The USMCA: New, Modestly Improved, but Still Costly



Mary E. Lovely|Jeffrey J. Schott|Peterson Institute For International Economics

President Donald Trump touts the newly revised United States–Mexico–Canada Agreement (USMCA) as the “most important trade deal” in history. The pact modernizes trading rules, and strengthens enforcement of labor and environmental rights, but is still a net negative for all three economies. Its regulatory mandates, especially in autos, will restrict trade and hurt US industry, confirming the assessment by the US International Trade Commission earlier this year that the pact will cause US growth to decline by 0.12 percent.1


Drawing heavily from obligations in the Trans-Pacific Partnership, the Obama era accord that Trump repudiated in 2017, the USMCA is expected to win House approval this week after the Trump administration negotiated a lengthy protocol with key Democrats. In those negotiations, US trade envoy Robert Lighthizer bowed to congressional Democratic demands to beef up enforcement of labor rights, clarify environmental obligations, and allow Canada and Mexico to retain existing pharmaceutical patent laws. But the hallmark of the USMCA, which replaces the North American Free Trade Agreement (NAFTA) approved in 1993, is the restrictions on auto trade and investment and on auto production that never drew objections from Democrats.


The central provision of the new accord increases the regional content required for duty-free treatment and introduces a more complicated process for qualifying automotive, steel, and aluminum products for such treatment. The Trump administration’s stated goal was to ensure that more of the vehicles will be produced in North America. But the outcome will be just the opposite. The new content requirements will raise production costs, resulting in higher auto prices, reduced US demand, lower auto exports, and more rapid substitution of machines for workers (see this video for an explanation).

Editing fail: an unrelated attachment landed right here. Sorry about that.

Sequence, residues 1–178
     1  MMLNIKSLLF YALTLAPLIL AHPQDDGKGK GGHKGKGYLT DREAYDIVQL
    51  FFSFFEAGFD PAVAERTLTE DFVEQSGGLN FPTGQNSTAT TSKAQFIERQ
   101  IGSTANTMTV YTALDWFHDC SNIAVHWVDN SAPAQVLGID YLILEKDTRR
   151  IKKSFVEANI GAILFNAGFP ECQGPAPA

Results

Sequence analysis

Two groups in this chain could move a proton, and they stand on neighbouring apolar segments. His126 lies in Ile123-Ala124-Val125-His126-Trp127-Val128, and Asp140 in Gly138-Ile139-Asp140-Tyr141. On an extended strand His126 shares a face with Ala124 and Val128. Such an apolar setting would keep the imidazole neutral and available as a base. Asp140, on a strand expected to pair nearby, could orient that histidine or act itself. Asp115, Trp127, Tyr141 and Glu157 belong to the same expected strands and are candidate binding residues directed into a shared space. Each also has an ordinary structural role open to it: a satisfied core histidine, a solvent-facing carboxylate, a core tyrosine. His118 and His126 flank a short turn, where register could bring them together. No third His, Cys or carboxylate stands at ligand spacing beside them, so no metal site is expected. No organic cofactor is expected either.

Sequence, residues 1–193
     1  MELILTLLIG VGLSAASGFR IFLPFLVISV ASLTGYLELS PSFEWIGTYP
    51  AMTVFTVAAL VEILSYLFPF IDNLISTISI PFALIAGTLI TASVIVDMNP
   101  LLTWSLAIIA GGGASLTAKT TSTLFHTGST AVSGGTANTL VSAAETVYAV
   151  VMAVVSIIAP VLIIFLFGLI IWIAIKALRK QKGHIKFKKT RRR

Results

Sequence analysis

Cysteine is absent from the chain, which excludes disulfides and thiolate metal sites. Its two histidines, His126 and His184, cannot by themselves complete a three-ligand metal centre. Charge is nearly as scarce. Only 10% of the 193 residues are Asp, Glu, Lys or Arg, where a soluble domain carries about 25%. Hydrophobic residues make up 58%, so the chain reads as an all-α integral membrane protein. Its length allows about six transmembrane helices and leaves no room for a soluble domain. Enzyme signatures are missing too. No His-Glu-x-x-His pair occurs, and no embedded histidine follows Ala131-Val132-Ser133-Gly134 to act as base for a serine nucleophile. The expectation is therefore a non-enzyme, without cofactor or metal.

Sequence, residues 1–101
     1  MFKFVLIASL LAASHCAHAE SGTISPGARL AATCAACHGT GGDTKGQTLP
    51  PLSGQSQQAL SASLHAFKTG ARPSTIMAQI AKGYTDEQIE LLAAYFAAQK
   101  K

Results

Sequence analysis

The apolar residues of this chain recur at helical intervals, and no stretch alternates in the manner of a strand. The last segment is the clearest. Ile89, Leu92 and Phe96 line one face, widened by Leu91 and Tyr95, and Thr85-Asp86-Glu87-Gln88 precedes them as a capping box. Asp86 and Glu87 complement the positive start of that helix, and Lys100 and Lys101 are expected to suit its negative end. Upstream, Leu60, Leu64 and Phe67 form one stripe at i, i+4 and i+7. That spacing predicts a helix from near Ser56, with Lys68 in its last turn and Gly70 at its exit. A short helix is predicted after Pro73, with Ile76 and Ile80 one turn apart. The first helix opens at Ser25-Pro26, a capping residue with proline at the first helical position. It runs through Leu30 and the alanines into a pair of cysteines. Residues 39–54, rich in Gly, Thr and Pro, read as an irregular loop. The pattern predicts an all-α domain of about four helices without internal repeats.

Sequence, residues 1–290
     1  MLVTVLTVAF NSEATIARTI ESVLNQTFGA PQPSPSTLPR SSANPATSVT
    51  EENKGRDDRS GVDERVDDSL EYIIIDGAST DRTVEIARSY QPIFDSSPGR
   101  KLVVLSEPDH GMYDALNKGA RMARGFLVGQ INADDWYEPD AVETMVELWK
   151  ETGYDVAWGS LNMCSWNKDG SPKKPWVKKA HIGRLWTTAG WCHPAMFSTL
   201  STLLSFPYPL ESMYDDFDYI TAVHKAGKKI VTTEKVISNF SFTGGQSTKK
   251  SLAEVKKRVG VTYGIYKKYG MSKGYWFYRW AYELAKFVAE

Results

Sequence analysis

The potential restrictions on steel content have caused some Republican advocates of liberalized trade, like Senator Patrick Toomey of Pennsylvania, to fear the effects on steelworkers in his state and elsewhere. “We put limiting terms on the nature of the steel that can be used in cars,” Toomey said, adding that the auto-related trade rules “runs completely contrary to the principles of free-trade agreement.” In only one area, involving small gains by American dairy farmers exporting to Canada, does the USMCA actually promote more open trade.

Why did Democrats join with the AFL-CIO to embrace this deal, which House Speaker Nancy Pelosi hailed as “infinitely better” than NAFTA and a “victory for America’s workers?” One reason is that it defuses the argument that they do not know how to do anything in Congress except impeachment, and another is that many moderate Democrats feared rejecting something promoted by Trump at this contentious time.

More substantially, the Democrats like the added restrictions on auto trade in the USMCA as well as the tougher protections and enforcement of labor rights and environmental policies. Democrats were not bothered by the pact’s regulatory mandates and tighter rules of origin imposing requirements that goods entering duty free must have certain percentages of content produced in the region. Indeed, the final amendments to the accord signed on December 10 added another costly rule: Not only must 70 percent of the steel purchased by vehicle assemblers originate in the region, but virtually all of the steel must be processed entirely within North America.


One of Democratic negotiators’ big wins is a newly included labor rapid-response mechanism. The United States and Mexico agreed to a binational panel process to review claims that either country is violating freedom of association and collective bargaining rights in facilities in their countries and to issue recommendations to remediate the violations.

But labor’s victory was not total. Neither the pact nor the protocol cover bans on forced or compulsory labor, and in another skewed result, only federal statutes in the United States are covered by the USMCA obligations. Accordingly, Mexican labor regulations are subject to the dispute mechanism, but US state right-to-work laws banning compulsory union membership cannot be challenged by Mexico.